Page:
- Why Research
- Our Impact
- Get Involved
- About BCRF
- Research is the reason
- Contact Us
You are here
Robert A. Weinberg, PhD
Member, Whitehead Institute
Director, Ludwig Center for Molecular Oncology
Massachusetts Institute of Technology
- Seeking to understand the interaction of cancer stem cells with other cells in the tumor environment.
- Laboratory studies are focused on understanding the complex nature of cancer stem cells to identify targets for more effective therapies for aggressive breast cancers.
- These studies will greatly advance our understanding of tumor biology and inform new strategies to improve outcomes in breast cancer patients with advanced disease.
Cancer stem cells (CSCs) are rare, highly specialized cells within a tumor. While they represent a small fraction of tumor cells, they are the key drivers of tumor growth, drug resistance and metastasis. Dr. Weinberg is conducting studies aimed at understanding how interactions of CSCs with other cells promote resistance to therapy and evasion of the immune system.
Full Research Summary
Cancer cells have the unique ability to assume different characteristics that allow them to invade tissue and seed new tumors at distant sites, a process called metastasis. The more dangerous of these cells are the cancer stem cells, which serve as the founders, or origins, of new metastatic colonies.
The goal of Dr. Weinberg's project is to decipher the interaction of stem cells and cancer cells and how this leads to cancer development and progression. His research in the next year will focus on two ongoing areas of study:
- Understanding how subsets of cells within primary and metastatic breast cancers escape attack and elimination by the immune system: In previous work, Dr. Weinberg’s group discovered that therapy-resistant cancer cells are able to recruit "immunosuppressive" cells. These cells originate in the bone marrow and migrate to breast tumors, where they thwart attacks on breast cancers by the immune system. His group will examine precisely how such immunosuppressive cells are recruited to breast cancers to uncover possible vulnerabilities in primary breast cancers that can be interrupted, thereby allowing effective immune attack on these tumors.
- Examining the internal regulatory circuitry of individual cancer stem cells (CSCs) within primary breast tumors to understand how these cells resist various types of therapies and spread to distant sites in the body: The CSCs within breast tumors exhibit multiple traits that render them resistant to various types of therapy. Dr. Weinberg’s recent studies revealed the identities of several proteins in the nucleus of CSCs that operate as master regulators of cell behavior. His group will continue these studies to understand how these proteins orchestrate the malignant growth program of these cells.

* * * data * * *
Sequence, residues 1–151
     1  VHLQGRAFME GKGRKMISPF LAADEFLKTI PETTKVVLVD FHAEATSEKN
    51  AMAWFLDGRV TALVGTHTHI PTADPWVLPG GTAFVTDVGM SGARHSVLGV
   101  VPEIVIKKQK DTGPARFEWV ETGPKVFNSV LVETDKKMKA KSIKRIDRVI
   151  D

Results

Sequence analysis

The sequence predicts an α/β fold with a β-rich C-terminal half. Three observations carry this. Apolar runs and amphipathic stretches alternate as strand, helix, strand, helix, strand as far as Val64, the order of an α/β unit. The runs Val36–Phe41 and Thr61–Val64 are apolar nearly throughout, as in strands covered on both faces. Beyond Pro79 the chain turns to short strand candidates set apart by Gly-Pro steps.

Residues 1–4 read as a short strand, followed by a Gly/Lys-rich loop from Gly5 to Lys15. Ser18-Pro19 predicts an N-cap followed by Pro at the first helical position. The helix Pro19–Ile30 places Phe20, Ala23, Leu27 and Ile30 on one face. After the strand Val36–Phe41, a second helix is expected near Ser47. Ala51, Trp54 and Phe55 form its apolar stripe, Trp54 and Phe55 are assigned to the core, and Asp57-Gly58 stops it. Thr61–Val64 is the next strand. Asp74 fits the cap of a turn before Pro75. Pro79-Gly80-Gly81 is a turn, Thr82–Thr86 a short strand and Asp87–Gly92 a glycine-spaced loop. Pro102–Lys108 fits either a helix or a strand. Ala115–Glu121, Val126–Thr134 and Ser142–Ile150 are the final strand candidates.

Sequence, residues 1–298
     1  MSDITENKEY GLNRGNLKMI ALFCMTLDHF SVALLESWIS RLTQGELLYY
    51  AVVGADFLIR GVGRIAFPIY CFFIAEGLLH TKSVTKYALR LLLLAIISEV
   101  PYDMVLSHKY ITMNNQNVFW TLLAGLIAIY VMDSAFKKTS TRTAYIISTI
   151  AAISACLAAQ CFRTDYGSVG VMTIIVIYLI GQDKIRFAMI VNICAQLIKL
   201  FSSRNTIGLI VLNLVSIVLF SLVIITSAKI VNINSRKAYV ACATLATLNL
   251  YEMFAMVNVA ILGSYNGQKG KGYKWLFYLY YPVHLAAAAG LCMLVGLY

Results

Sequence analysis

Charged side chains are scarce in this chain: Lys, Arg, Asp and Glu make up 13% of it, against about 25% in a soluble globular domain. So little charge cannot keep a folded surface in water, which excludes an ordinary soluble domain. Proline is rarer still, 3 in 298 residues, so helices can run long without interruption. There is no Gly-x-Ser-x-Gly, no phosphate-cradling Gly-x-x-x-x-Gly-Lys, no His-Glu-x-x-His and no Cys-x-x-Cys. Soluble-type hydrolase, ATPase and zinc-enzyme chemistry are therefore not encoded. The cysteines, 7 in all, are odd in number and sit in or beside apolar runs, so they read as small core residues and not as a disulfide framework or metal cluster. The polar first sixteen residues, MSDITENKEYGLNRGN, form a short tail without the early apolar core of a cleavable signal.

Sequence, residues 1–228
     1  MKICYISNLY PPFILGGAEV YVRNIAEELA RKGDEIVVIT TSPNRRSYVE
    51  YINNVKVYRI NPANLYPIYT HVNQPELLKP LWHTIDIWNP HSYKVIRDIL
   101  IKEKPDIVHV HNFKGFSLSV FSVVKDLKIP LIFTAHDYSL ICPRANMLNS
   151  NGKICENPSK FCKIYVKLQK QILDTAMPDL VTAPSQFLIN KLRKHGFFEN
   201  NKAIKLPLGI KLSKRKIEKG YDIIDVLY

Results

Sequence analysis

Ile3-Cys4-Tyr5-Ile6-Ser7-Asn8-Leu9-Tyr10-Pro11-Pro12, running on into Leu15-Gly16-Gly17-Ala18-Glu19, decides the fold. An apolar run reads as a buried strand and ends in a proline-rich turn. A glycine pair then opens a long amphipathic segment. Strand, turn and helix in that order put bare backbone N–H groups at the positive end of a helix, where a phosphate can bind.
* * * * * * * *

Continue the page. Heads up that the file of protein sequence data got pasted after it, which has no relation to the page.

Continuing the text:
These exploratory studies are critical in informing new treatment options and guiding the development of more effective drugs.
Dr. Weinberg is a founding member of the Whitehead Institute for Biomedical Research and the Daniel K. Ludwig Professor for Cancer Research at the Massachusetts Institute of Technology (MIT). He is also the first Director of the Ludwig Cancer Center at MIT. He is an internationally recognized authority on the genetic basis of human cancer. Dr. Weinberg and his colleagues isolated the first human cancer-causing gene, the ras oncogene, and the first known tumor suppressor gene, Rb, the retinoblastoma gene. Research in Dr. Weinberg's laboratory is focused on attempting to elucidate the biochemical and cell-biological mechanisms that enable carcinoma cells in primary tumors to invade and disseminate, resulting in the formation of metastases in distant sites. Much of this work depends on analyses of the cell-biological program termed the epithelial-mesenchymal transition (EMT). In addition to conferring traits such as motility and invasiveness on epithelial carcinoma cells, activation of this program heightens their resistance to chemotherapeutic attack. In recent years the Weinberg laboratory has also found that activation of a previously latent EMT program places both normal and neoplastic epithelial cells in a position from which they can enter into a stemcell state. In the case of carcinomas, the tumor-initiating powers resulting from this shift indicates the formation of cancer stem cells (CSCs), which are qualified to serve as founders of new metastatic colonies in distant anatomical sites. Dr. Weinberg's research has increasingly focused on the interaction of CSCs with recruited inflammatory cells and on the later steps of the invasion-metastasis cascade that enables disseminated carcinoma cells to extravasate, thereby setting the stage for the formation of micro- and macroscopic metastatic colonies.